Aurobindo Pharma USA, Inc., Citron Pharma, LLC, Teva Pharmaceuticals USA, Inc., Heritage Pharmaceuticals, Inc., and two Heritage executives are the defendants in an antitrust lawsuit filed by a group of independent pharmacies. The suit claims the defendants conspired to fix the price of generic glyburide, a medication used to treat high blood sugar in people with Type 2 diabetes. According to the complaint, “generic drug manufacturers have improperly taken advantage of their market position to hike prices far above competitive levels,” increasing them by 200% between April 1, 2014 and December 31, 2015. These “unprecedented and astounding price increases” forced independent pharmacies to pay an inflated price for their customers’ medications, and they were not always reimbursed by insurance companies at the adjusted price rate, the suit alleges. The complaint further argues that pharmacies often “absorb losses rather than impose a price hike on customers, especially when the pharmacist understands a person’s health needs and financial problems.”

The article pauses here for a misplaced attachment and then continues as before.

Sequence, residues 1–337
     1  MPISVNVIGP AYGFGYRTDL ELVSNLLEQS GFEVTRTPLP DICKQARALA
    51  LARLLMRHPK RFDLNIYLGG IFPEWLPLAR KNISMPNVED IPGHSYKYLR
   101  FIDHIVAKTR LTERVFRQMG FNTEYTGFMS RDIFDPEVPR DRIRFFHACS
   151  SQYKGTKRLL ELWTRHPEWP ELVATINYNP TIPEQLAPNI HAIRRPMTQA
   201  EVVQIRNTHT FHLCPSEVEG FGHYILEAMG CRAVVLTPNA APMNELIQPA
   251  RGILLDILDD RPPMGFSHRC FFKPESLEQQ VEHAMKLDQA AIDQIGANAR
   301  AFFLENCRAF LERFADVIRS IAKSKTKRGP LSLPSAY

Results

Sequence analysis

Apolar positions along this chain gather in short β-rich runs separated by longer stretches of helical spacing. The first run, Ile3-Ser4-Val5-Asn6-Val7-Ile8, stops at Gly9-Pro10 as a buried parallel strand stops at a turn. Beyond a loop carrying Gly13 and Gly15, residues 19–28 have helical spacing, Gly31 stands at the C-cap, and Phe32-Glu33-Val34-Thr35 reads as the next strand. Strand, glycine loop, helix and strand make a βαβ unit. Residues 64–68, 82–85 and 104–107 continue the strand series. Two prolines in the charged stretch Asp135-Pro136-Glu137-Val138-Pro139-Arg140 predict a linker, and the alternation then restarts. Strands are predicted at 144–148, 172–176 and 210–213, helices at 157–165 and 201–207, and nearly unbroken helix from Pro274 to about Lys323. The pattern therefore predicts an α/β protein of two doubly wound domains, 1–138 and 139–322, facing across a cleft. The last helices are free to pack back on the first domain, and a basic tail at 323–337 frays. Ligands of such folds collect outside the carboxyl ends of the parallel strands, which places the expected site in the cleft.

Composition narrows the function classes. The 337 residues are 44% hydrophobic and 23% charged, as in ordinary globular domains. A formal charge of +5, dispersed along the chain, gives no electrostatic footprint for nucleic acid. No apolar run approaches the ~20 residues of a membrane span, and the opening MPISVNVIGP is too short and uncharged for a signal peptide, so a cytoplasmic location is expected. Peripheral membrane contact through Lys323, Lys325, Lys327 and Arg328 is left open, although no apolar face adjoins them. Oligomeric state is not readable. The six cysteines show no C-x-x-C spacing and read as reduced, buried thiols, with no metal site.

The pharmacies claim the drug manufacturers attempted to discuss glyburide prices in person to avoid written records of their illegal actions, but believe the defendants are in possession of email and phone records that evidence the price-fixing conspiracy. The plaintiffs also note that in January of this year, the two Heritage executives pled guilty in a similar suit brought against them for conspiring to fix generic drug prices.
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